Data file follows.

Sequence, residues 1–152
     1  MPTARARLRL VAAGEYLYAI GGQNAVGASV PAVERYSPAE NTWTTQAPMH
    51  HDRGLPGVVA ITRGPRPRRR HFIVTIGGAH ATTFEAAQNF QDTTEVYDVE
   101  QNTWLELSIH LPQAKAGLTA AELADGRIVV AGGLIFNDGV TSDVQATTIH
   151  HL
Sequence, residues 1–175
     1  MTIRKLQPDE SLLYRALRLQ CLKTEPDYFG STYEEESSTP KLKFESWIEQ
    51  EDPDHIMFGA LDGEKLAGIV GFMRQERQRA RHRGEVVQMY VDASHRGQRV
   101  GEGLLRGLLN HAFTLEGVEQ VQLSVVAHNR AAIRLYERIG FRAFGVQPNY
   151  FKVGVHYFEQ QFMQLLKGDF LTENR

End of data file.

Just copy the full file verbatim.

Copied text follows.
Sequence, residues 1–152
     1  MPTARARLRL VAAGEYLYAI GGQNAVGASV PAVERYSPAE NTWTTQAPMH
    51  HDRGLPGVVA ITRGPRPRRR HFIVTIGGAH ATTFEAAQNF QDTTEVYDVE
   101  QNTWLELSIH LPQAKAGLTA AELADGRIVV AGGLIFNDGV TSDVQATTIH
   151  HL
Sequence, residues 1–175
     1  MTIRKLQPDE SLLYRALRLQ CLKTEPDYFG STYEEESSTP KLKFESWIEQ
    51  EDPDHIMFGA LDGEKLAGIV GFMRQERQRA RHRGEVVQMY VDASHRGQRV
   101  GEGLLRGLLN HAFTLEGVEQ VQLSVVAHNR AAIRLYERIG FRAFGVQPNY
   151  FKVGVHYFEQ QFMQLLKGDF LTENR